By Kaleb Baker, Land Steward, Illinois Audubon Society
Soil disturbance from maintenance along a natural gas pipeline gave sericea (Lespedeza cuneata) an opportunity to establish and proliferate throughout a recreated prairie at Bremer Wildlife Sanctuary in Hillsboro, IL. Illinois Audubon Society volunteers and contractors have been spot-spraying the sericea, but it is very labor intensive to find all the plants, especially through multiple years of unburned growth. In 2020, we decided to try a growing season burn to: (1) top-kill sericea, preventing new sericea seed that year, (2) encourage the sericea seedbank to germinate, hopefully reducing the number of years herbicide treatment will be required, and (3) remove old prairie plant material, making the sericea easier to find. Mowing would have top-killed many sericea and made them easier to find. However, sericea that would be run over by tractor tires may not get mowed and could still produce seed. Mowing also doesn’t encourage seed bank germination.
We carved out a 3.4-acre prairie burn unit. Since our burn equipment was limited on site, we ended up mowing the area to keep flame lengths low. This was my first growing season burn. Mowing occurred on September 1, 2020, just as the sericea flowers began to fade and before seed was formed. Two weeks later, September 15th, we burned the unit.
The day of the burn, air temperatures reached 78F with reported ESE winds reaching 7mph. RH dropped to 44%. The mowed material had mostly cured and provided a healthy thatch layer. However, the thatch was still slightly damp underneath, in part because it was shaded by the surrounding woodland. Burn progress was slow and smokey. Winds were light, so the thick smoke rose relatively vertically as opposed to blowing sideways. Lots of drip torch fuel was used to keep the fire going. Most of the unit was burned by stripping off 5- to 10-foot sections, following the mowed windrows. Despite an RH of 44, the slightly damp thatch kept fire temperatures very low.
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The unit had about 85% burn coverage with no resprouting of sericea observed that fall. Success!
In 2021, we continued the growing season burn treatment and expanded the unit to 7.1 acres with half being mowed and half unmowed. Half was mowed for two reasons: (1) to test the difference between mowed and unmowed growing season burn, and (2) to create enough thatch to carry fire since this same area was burned the previous year. The unmowed portion had not been burned since March 2019, so there was a healthy thatch layer. We also had better burn equipment borrowed from another site, giving us greater confidence in our capacity to control the burn.
Firebreaks were mowed about 12- to 15-feet wide and thatch was removed with a backpack leaf blower the week before the burn. Bare ground firebreaks are strong and the fluffy windrow created by leaf-blowing created a good fuel source for ignitions, given the dry conditions.
Click photos to enlarge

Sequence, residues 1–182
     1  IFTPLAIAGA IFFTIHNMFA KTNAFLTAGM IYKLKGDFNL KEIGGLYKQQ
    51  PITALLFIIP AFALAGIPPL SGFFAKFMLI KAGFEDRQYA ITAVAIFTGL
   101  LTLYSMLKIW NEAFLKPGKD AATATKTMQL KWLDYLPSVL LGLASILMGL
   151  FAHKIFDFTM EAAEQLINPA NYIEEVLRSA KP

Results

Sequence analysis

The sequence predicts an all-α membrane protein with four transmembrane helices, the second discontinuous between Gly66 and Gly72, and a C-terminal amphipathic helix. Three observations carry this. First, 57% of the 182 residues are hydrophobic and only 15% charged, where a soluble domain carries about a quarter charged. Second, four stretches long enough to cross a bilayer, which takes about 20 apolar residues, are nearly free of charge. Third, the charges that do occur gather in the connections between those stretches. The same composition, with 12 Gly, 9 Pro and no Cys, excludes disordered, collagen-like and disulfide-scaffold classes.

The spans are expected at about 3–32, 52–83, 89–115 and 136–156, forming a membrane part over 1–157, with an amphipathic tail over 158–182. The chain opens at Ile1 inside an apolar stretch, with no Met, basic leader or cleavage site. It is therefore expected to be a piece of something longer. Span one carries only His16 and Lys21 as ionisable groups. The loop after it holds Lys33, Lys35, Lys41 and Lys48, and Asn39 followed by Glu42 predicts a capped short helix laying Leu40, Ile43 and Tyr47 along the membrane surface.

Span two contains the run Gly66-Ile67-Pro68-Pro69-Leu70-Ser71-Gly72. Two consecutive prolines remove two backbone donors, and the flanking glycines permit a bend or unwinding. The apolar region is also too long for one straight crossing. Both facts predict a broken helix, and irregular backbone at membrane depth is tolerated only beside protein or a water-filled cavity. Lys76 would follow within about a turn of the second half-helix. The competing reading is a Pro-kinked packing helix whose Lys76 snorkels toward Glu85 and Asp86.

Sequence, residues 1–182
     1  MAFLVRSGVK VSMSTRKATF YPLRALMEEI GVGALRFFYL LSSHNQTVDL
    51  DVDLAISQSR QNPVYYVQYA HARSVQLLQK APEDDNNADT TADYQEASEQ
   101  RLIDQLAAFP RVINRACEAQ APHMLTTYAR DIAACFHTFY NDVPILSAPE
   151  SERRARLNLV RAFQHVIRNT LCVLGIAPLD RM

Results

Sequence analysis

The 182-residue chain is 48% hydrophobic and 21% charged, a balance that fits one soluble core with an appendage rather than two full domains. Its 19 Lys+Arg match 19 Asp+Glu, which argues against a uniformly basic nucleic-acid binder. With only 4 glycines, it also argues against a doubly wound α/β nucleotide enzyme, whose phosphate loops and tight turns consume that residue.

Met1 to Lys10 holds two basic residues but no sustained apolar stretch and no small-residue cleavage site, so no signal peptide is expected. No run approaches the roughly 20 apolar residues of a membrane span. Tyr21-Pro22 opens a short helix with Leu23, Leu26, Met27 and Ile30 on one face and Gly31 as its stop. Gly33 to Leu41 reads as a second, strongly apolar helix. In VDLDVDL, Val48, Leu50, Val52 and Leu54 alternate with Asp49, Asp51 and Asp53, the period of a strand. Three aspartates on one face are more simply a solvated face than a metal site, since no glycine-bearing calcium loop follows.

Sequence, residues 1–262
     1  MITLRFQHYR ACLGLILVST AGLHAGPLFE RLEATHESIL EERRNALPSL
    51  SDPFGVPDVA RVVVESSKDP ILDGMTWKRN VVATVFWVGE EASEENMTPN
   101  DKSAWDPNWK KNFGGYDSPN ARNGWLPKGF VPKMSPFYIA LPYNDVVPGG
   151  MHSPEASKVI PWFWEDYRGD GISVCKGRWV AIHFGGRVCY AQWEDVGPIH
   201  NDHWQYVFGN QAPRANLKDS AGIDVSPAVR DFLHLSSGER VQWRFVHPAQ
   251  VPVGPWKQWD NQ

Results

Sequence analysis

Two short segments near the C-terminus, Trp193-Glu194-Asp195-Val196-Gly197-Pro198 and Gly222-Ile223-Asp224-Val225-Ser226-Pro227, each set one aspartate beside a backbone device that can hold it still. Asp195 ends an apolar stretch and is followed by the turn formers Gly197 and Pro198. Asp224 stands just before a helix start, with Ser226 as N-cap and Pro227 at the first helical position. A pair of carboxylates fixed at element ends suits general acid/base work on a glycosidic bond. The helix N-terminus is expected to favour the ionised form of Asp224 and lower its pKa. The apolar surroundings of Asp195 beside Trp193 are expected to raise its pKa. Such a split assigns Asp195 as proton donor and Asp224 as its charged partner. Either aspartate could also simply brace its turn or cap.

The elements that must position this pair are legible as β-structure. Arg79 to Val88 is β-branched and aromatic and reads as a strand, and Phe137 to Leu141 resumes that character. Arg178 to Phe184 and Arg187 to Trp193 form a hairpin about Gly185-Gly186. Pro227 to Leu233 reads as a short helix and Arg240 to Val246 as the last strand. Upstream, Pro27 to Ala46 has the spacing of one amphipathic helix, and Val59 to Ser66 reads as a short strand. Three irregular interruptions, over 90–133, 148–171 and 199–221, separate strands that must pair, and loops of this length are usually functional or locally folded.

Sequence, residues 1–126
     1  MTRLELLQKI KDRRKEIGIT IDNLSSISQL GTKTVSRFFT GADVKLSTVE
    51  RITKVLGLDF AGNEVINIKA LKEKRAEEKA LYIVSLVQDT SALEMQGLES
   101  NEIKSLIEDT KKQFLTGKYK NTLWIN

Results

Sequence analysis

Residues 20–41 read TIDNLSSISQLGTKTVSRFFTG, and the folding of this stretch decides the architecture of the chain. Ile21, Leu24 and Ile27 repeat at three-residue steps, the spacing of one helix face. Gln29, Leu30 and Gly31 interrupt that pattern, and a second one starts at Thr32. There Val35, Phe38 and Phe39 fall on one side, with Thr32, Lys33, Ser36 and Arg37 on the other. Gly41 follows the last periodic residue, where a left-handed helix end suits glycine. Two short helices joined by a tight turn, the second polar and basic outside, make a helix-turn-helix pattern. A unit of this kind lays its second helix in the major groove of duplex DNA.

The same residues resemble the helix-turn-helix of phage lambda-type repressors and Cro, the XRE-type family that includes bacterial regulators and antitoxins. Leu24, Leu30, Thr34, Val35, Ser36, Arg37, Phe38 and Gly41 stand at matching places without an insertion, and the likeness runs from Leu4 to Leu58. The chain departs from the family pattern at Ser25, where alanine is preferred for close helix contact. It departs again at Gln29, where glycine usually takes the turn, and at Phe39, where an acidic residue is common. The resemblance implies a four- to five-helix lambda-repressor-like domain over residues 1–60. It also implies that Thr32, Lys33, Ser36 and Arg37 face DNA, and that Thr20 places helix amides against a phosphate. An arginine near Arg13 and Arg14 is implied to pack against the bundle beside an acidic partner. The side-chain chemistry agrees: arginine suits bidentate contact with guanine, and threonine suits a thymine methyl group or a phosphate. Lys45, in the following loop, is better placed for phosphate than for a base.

Winds were light and variable with 0-5mph winds observed at the unit. RH low was 41 with air temperatures reaching 90F. This was my second growing season burn. There were no injuries, no escapes, and a lot of top-killed sericea. Success! We will be monitoring the success of the burn treatment through the end of the year and into next year. We will also continue to focus on herbicide control of sericea in the growing season burn unit.
Lessons learned from the 2021 burn:
- Growing season burns are very smoky. Wider firebreaks would give more space for smoke to lift and give the crew more space to get out of the smoke.
- Light winds help lift the dense smoke up, but also make wind shifts more likely. Winds were reported at 9mph ESE, but observed winds were much lower 0-5mph with some light gusts and 180-degree wind direction shifts. Despite smaller flame lengths and lower fire temperatures, fire breaks should be very wide to accommodate shifting wind directions.
- The mowed area burned well, but still required a lot of internal ignitions. Stripping was about done in 15- to 20-foot sections in 2021 compared to 5- to 10-foot sections in 2020. We had a couple dry weeks prior to the burn in 2021 which yielded drier thatch and lowered internal ignition requirements. We also rotated our ignition pattern to be perpendicular to the windrows.
- Growing season burns are hot for crews. While the fire burns cooler, air temperatures reached 90F this time. Crews should bring lots of water, take their time, and create opportunities for water breaks, and get out of the smoke.
- Scheduling growing season burns can be tricky. In 2021, we burned a little too late due to wet weather in early September. Burn date was 9/29/2021. One sericea was found on site with hard green seed on 9/23/2021. Hopefully, the burn consumed any sericea seed that was just forming.
Overall, I think growing season burns are a useful management tool. Good for localized invasive species control, but can be tricky to get the timing right. These burns create nice structural heterogeneity in the prairie. This particular growing season burn unit is located entirely within a larger dormant season burn unit. Since the growing season burn unit has time to produce some vegetation still this year, but not enough to carry fire very well; it could possibly serve as a refugia for some insects or possibly herps when the larger dormant season unit is burned.
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Kaleb Baker is the Lands Steward for the Illinois Audubon Society. He earned his bachelor’s and Master’s of Science degrees in Biological Sciences from Northern Illinois University. For four years, Baker worked with The Nature Conservancy’s Nachusa Grasslands as a crew member, crew leader and volunteer, and he developed a volunteer stewardship committee with Franklin Creek Conservation Association.